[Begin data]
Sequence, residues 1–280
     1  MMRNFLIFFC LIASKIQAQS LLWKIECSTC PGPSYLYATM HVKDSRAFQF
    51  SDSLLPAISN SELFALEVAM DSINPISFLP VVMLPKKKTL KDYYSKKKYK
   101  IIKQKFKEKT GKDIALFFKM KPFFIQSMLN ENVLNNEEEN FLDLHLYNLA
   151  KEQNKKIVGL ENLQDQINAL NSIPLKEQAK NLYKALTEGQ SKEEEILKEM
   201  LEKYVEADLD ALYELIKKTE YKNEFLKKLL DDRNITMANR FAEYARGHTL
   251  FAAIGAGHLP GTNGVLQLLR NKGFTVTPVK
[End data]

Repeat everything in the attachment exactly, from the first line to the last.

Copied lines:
Sequence, residues 1–280
     1  MMRNFLIFFC LIASKIQAQS LLWKIECSTC PGPSYLYATM HVKDSRAFQF
    51  SDSLLPAISN SELFALEVAM DSINPISFLP VVMLPKKKTL KDYYSKKKYK
   101  IIKQKFKEKT GKDIALFFKM KPFFIQSMLN ENVLNNEEEN FLDLHLYNLA
   151  KEQNKKIVGL ENLQDQINAL NSIPLKEQAK NLYKALTEGQ SKEEEILKEM
   201  LEKYVEADLD ALYELIKKTE YKNEFLKKLL DDRNITMANR FAEYARGHTL
   251  FAAIGAGHLP GTNGVLQLLR NKGFTVTPVK